In many areas of the world, there has been an earlier indigenous population, which has been conquered by a more recent population group. In Social Welfare with Indigenous Peoples, the editors and contributors examine the treatment of many indigenous populations from five continental areas: Africa (Sierra Leone, Zimbabwe); Australasia, New Zealand; Central and South America (Brazil, Mexico); Europe (Scandinavia, Spain) and North America.
They found that, regardless of whether the newer immigrants became the majority population, as in North America, or the minority population, such as in Africa, there were many similarities in how the indigenous peoples were treated and in their current situations. This treatment is examined from many perspectives: political subjugation; negligence; shifting focus of social policy; social and legal discrimination; provision of social services; and ethnic, cultural and political rejuvenation.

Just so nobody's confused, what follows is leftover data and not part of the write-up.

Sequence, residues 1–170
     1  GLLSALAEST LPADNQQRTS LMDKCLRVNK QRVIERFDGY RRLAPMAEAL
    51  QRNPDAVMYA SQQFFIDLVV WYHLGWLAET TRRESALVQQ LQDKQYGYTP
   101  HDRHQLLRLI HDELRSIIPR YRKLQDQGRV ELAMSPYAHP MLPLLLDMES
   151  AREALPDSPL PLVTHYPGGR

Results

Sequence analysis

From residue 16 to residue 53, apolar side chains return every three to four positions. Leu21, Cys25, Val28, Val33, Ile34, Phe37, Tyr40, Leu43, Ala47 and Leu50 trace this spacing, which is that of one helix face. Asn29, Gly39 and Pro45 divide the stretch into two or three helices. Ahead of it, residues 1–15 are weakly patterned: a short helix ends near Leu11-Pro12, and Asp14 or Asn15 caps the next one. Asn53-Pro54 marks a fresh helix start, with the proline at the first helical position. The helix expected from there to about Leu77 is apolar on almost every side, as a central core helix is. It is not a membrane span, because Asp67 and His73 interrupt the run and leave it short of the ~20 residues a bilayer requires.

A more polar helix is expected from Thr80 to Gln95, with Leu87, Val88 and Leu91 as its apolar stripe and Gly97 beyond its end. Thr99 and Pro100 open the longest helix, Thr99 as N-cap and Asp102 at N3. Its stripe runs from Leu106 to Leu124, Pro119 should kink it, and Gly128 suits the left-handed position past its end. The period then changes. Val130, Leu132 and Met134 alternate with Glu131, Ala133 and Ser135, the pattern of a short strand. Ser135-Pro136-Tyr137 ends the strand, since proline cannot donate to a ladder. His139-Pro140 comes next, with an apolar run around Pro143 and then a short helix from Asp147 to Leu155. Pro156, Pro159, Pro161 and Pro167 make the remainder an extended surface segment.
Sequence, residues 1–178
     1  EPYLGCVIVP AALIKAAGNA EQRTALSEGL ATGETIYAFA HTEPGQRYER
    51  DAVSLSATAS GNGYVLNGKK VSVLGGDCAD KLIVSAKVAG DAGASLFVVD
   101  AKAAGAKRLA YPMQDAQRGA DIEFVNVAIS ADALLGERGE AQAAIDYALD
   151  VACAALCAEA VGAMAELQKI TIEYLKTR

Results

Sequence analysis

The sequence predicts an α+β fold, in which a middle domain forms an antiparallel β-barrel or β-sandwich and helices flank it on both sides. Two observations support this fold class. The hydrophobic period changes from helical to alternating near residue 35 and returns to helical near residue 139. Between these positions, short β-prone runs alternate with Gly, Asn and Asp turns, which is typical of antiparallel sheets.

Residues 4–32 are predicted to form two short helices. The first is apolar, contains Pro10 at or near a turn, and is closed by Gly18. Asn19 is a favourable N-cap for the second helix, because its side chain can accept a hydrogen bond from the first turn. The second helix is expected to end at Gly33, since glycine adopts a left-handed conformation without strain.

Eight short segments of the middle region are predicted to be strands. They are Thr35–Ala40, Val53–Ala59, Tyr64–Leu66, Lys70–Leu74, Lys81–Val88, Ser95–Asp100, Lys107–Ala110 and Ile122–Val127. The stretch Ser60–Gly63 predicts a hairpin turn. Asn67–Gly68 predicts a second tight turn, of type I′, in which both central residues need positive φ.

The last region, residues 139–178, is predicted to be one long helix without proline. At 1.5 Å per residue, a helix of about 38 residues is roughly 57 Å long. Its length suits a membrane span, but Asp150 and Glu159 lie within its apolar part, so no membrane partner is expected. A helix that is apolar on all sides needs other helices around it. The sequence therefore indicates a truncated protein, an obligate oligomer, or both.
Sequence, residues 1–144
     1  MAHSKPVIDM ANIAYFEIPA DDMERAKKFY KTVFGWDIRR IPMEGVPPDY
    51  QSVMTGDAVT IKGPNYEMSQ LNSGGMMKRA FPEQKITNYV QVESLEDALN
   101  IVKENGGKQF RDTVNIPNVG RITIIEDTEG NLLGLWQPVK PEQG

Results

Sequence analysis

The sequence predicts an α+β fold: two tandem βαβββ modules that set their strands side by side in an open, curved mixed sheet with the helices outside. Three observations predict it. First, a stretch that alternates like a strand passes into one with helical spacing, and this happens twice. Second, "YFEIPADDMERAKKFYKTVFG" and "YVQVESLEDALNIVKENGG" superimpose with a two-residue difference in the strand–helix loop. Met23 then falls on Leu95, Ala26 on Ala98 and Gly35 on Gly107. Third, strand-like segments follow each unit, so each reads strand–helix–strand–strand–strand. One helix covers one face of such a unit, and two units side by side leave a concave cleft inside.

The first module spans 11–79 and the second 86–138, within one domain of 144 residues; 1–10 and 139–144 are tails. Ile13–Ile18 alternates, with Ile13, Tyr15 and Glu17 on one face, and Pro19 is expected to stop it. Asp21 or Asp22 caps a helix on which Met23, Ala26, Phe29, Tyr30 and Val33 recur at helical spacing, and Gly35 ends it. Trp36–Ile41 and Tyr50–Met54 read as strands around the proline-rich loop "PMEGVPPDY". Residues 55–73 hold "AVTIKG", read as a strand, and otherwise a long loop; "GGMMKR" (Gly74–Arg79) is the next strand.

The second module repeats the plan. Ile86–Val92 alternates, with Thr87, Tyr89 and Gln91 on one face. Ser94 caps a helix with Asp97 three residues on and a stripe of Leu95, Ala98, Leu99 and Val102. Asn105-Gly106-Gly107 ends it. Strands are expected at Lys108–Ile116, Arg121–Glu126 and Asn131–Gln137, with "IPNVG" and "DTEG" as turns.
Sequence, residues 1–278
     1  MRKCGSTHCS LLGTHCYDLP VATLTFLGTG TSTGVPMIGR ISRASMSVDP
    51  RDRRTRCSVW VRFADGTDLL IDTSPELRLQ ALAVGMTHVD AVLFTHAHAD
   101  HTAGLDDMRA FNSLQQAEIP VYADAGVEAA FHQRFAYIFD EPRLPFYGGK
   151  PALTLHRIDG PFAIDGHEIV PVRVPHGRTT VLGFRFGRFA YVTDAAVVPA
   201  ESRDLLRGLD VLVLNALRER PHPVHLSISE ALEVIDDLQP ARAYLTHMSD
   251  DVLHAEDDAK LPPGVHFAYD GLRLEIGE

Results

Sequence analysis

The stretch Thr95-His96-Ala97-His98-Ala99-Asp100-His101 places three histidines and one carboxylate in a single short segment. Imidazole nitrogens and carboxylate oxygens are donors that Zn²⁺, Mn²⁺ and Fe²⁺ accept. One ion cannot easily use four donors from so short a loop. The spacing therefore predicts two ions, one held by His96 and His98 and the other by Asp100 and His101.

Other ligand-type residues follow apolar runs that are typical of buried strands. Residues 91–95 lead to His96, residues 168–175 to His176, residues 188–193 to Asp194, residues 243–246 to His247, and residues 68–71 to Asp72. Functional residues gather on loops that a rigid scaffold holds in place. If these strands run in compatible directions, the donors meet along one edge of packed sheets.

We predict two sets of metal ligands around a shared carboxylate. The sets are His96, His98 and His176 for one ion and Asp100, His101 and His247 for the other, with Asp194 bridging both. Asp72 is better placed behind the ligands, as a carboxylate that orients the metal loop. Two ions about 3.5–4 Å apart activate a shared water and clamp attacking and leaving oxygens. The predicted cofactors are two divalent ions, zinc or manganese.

chapter 1|53 pages

The First Nations of Canada: social welfare and the quest for self-government

ByHugh Shewell, Annabella Spagnut

chapter 3|29 pages

The Huichol and Yaqui Indians of Mexico

BySandra Luz Navarro Pulgarin

chapter 4|15 pages

Social welfare of indigenous populations in Brazil

ByCelso Barroso Leite

chapter 9|36 pages

Social welfare of indigenous peoples in Zimbabwe

BySaliwe M. Kawewe